Apologies for lack of comments recently - blame equally shared between my computer, Realbuzz, and myself. I will get back on it now, though.
This time last week, it was a summery 15°, now we're into minus figures, and have had the first snow of the winter. Me no like - can we wind it back a few weeks, please? No........? Better just get on with it, then.
Well actually, blogging-wise I DO have to wind it back a few weeks, having once again got rather behind. So...........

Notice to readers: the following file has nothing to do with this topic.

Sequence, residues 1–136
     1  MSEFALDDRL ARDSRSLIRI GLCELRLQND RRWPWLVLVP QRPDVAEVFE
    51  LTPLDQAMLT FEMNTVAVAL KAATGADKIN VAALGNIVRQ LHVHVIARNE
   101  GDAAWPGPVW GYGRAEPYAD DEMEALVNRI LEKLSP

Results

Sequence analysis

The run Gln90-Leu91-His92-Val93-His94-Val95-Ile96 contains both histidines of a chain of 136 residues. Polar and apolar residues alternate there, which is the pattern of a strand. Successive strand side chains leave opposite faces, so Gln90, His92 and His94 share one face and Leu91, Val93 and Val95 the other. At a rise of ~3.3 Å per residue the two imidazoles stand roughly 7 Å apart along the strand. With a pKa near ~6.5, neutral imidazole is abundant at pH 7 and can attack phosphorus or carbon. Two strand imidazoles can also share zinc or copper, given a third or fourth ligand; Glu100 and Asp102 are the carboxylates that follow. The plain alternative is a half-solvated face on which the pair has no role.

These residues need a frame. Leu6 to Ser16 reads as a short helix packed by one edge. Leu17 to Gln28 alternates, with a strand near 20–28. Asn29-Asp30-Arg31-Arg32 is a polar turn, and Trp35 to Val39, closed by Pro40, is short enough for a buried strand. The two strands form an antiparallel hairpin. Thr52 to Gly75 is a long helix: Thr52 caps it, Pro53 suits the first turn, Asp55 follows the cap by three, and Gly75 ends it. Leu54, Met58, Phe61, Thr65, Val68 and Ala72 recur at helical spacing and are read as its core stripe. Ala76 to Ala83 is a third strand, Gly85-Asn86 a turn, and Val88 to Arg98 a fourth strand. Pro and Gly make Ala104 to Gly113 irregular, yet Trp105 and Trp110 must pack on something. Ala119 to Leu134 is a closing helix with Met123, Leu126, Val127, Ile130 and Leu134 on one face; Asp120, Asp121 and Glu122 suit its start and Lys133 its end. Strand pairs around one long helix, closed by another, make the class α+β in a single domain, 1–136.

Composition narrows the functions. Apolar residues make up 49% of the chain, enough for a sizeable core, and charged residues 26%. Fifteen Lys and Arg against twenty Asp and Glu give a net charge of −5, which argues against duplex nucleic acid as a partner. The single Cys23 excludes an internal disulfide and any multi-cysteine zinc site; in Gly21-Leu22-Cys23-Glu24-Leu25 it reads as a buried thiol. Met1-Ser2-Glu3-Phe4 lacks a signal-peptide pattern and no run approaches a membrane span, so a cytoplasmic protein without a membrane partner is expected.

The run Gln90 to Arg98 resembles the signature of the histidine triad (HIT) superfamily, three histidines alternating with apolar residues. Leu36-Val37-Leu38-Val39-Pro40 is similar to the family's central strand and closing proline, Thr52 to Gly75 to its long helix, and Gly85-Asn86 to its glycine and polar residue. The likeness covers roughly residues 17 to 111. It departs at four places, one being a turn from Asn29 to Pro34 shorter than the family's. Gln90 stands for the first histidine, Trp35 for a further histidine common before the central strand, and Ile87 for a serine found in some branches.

Saturday 24 October: up early, breakfast, then I sat down in front of my computer (in its pre-misbehaving days) to track 2 marathons: the Transruinaulta trail marathon in Switzerland (my friend Jacqueline; Emma Pooley), and of course a certain event in Snowdonia (a motley crew of heroic Buzzers - VERY heroic in view of the weather, and the condition some of them were in.) This got a little complicated, switching back and forth between them, but one by one, I saw them all home. Except I didn't, quite; taking advantage of one of the quieter spells to grab something to eat, I managed to miss the 'main event' - the arrival of Hollywood and his escort. I did let out a retrospective cheer, though; and then, inspired, went out for a trot myself. Up to Stutz, along the lake to the Kantonsschule, 10 rounds of the track (which now had a liberal covering of crunchy acorns along one side), and home taking in the longer options round by Wartegg, the Wagner Museum, and round the back of the lido, even though the path across it is now open again. About 8.5 kms, and 1 hr 6ish. (The acorns slowed me down!) Started in the light, finished in the dark (which I thought might have made a good title for the post, had I written it at the time) - and this was the day BEFORE the clocks changed.